Due to the fact that women are ambassadors of sustainability, more are needed, particularly young women and girls to take part in science courses especially ocean science to enhance diversity in this sector. The application of science or scientific knowledge is valued by society, and women have this knowledge at heart. Most of the women have indigenous knowledge gained from their daily interaction with the marine resources, and their contribution in resource management is crucial in satisfying countless basic human needs and helps to improve their living standards. Lately, scientific knowledge has been found to be fundamental as well in understanding the ocean’s response to pressures and management changes in order to improve, save or reverse the declining ocean health. Having diverse employees in ocean science will result in creation of innovative technologies needed to save our oceans. This will help in finding ways to rationally use natural resources to guarantee the continuity of these resources and humanity. 

Have you ever had any difficulties in your career due to gender? If yes, how did you handle them?

Yes, there were some instances of frustrations that I have faced such as discrimination at work place and underpayment in some companies. There is one serious instance when had to volunteer for a long period of time without signing a contract just because the director of the programme did not want to approve my contract. I had to work extra hard to prove my qualification for the position only to get a six months contract later. This was similar to a number of work places where women had to go through sexual harassment or intimidation at work place or volunteer first for at least two months before they get a job.

What advice would you give any women considering science as a career path?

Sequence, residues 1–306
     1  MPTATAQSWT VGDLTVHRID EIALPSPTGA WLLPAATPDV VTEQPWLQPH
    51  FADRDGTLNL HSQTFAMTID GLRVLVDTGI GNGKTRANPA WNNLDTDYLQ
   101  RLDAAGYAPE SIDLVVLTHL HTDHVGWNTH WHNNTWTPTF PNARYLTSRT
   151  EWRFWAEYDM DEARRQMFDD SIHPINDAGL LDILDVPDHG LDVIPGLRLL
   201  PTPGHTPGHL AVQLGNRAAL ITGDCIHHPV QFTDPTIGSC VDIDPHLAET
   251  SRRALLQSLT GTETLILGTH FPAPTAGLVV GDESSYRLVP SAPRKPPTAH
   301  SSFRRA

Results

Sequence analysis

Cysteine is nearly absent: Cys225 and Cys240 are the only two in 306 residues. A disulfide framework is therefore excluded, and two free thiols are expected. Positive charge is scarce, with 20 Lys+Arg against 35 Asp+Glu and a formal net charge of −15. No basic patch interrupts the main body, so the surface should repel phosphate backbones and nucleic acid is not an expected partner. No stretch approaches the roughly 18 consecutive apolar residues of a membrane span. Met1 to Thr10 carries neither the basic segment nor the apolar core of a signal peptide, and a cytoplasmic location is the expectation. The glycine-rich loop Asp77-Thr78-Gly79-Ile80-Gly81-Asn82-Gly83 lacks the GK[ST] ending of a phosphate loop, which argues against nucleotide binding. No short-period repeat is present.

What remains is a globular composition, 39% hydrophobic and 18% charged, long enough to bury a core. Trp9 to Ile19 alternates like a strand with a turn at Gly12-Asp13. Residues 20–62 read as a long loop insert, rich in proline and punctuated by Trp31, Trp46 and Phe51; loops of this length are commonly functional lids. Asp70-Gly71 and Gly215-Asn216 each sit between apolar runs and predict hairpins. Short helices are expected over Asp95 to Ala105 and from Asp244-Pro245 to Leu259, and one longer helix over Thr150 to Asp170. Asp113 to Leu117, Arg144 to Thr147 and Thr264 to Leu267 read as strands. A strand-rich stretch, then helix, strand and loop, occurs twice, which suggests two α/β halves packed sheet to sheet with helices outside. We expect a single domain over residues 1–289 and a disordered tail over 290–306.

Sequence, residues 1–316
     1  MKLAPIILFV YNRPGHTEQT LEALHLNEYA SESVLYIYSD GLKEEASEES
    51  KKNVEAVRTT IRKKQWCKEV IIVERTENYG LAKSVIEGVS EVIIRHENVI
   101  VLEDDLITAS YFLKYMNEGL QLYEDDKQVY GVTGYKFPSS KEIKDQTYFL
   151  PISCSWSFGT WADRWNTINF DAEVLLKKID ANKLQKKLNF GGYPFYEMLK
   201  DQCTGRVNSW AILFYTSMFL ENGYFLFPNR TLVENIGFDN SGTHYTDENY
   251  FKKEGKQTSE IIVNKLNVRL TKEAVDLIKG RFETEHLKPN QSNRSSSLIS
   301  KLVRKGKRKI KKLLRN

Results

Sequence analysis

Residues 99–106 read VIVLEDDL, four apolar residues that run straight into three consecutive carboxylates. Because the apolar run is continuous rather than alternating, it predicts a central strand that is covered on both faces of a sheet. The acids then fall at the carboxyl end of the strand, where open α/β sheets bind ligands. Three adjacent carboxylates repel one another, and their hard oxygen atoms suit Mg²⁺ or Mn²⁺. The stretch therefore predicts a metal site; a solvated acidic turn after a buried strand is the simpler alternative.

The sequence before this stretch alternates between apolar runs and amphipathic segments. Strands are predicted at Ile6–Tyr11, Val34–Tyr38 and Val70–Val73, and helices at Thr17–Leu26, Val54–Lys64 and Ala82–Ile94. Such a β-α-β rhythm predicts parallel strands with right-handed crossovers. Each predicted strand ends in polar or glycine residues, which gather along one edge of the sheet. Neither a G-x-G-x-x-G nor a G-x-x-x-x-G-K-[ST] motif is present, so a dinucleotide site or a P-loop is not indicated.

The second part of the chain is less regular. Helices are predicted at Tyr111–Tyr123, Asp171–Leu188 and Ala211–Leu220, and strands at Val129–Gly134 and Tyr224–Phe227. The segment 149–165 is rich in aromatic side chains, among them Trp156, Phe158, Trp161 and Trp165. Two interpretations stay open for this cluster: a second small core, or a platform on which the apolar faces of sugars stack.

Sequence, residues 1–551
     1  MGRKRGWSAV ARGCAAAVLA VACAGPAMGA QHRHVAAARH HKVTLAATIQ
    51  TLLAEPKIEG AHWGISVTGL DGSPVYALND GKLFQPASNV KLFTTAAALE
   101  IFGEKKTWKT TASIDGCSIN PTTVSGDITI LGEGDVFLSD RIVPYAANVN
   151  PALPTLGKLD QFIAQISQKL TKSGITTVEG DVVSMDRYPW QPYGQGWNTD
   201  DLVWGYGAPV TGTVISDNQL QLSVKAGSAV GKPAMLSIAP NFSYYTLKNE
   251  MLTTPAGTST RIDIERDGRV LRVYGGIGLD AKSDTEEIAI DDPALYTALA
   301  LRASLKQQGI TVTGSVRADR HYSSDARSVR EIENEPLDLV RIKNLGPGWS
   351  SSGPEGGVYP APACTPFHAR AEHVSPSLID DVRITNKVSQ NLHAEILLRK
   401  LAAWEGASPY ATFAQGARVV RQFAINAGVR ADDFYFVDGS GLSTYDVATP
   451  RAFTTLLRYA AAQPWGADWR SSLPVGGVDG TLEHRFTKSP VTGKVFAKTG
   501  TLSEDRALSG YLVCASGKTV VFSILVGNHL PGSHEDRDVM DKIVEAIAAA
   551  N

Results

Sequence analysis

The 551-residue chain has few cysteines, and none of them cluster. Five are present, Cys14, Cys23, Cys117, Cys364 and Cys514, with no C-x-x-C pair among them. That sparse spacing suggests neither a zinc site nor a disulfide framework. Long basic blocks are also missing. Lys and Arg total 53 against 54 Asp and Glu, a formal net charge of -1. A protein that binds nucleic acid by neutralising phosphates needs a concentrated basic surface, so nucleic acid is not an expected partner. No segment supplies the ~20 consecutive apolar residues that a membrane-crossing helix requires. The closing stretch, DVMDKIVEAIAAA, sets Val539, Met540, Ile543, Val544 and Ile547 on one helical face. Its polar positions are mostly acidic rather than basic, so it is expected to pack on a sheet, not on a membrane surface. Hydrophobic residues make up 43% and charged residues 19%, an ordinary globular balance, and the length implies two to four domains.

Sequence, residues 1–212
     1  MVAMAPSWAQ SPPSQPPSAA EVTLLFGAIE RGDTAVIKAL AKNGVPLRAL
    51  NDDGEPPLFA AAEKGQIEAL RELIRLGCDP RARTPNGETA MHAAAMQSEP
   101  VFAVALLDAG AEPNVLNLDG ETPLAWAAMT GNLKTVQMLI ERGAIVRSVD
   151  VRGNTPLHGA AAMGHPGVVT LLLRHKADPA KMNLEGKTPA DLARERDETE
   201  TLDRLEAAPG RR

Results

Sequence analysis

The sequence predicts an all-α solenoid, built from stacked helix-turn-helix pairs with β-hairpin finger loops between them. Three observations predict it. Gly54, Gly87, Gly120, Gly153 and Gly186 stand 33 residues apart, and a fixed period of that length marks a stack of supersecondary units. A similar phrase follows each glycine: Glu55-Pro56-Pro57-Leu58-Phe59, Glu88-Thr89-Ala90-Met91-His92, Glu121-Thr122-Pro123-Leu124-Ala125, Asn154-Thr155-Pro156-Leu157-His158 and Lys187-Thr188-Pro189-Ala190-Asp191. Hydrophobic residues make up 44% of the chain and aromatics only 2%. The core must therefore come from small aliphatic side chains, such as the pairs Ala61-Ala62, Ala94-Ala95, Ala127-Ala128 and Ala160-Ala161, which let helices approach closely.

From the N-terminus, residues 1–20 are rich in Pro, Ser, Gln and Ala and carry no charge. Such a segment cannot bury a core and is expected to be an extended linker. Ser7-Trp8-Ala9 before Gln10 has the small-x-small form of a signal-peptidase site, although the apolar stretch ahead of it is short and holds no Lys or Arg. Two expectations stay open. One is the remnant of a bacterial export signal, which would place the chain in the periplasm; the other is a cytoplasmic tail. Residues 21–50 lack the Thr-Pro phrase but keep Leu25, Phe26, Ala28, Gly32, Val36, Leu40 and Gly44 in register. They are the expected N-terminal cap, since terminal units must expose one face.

Women being ambassadors of sustainability, more are needed to take part in science courses especially marine science. The application of science or scientific knowledge is valued by society and it is crucial in satisfying countless basic human needs and help to improve their living standards. Lately, scientific knowledge has been found to be fundamental in understanding the ocean’s response to pressures and management changes in order to save or reverse the declining ocean health. This will help in finding ways to rationally use natural resources to guarantee the continuity of these resources and humanity.

What are your professional achievements?

  • Participated in marine conservation work saving several turtle hatchlings in Lamu Seascape.
  • Assisted in undergraduate courses and laboratory practical at Egerton University.
  • Completed an international master’s degree programme in Limnology and Wetland Management offered in Egerton University, BOKU university and UNESCO-IHE Delft in 2017.
  • Attained the highest average weight of fry in post-nursery stage one (PNS1) at Victory Fish Farm
  • Published a paper on “Effect of water quality in parasite assemblages infecting Nile tilapia in selected fish farms in Nakuru County, Kenya”
  • Currently, publishing papers on various subject matters within the field of my research “Gender equality in ocean science for sustainable development in Kenya” at the Sasakawa Global Ocean Institute of the World Maritime University Malmo, Sweden.

What are the most effective ways for you to maintain balance in your professional and personal life?

I always have weekly target plans that build onto the broader objective of my work. Most of the time when free, I listen to music, go swimming, watch documentaries, go on a nature walk, travel and also spend time with my family and friends.

How can we overcome the issues driving women out of careers in marine science and technology?

First and foremost, I have to acknowledge the efforts that the United Nations’ agencies, Department of Fisheries and Ocean Canada as well as other international, regional, and national agencies or organizations that have been involved in empowering women by offering more scholarships and tenure positions. These agencies have a model to be emulated and up scaled. There is a need to sustain and upscale these efforts to support and bring more women on board to take up space and contribute greatly in ocean science, policy development, decision-making and governance roles. In addition, those women who have been empowered should be further given research funds to create their own research groups and networks to enhance more visibility and voices of women in science. In addition, research funds specially competed among women only would go a long way in uplifting and motivating women in science. Besides, I would also recommend reinforcement of anti-discrimination policies to promote cohesion between women and men, ensure equal treatment at workplaces and advocate for the implementation of gender equality policy in various ocean science institutions, in order to achieve decent employment opportunities for all.


Tags

Fisheries Management, Marine Ecosystems, PhD Candidate, Renis Auma Ojwala, Water Quality